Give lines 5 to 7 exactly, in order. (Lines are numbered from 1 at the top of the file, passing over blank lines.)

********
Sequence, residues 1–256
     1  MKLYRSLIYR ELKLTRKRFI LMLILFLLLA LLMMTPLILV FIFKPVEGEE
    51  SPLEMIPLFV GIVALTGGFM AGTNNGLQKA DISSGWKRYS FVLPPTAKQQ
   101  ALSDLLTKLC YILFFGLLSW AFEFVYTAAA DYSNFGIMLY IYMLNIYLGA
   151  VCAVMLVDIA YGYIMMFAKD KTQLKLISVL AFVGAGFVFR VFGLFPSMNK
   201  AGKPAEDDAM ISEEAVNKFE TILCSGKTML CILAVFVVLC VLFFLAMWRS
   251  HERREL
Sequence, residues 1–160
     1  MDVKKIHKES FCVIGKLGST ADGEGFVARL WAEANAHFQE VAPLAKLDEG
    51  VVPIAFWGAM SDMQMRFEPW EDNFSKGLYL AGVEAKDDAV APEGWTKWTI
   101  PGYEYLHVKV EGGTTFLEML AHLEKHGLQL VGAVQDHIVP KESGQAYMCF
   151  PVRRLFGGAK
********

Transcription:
   151  VCAVMLVDIA YGYIMMFAKD KTQLKLISVL AFVGAGFVFR VFGLFPSMNK
   201  AGKPAEDDAM ISEEAVNKFE TILCSGKTML CILAVFVVLC VLFFLAMWRS
   251  HERREL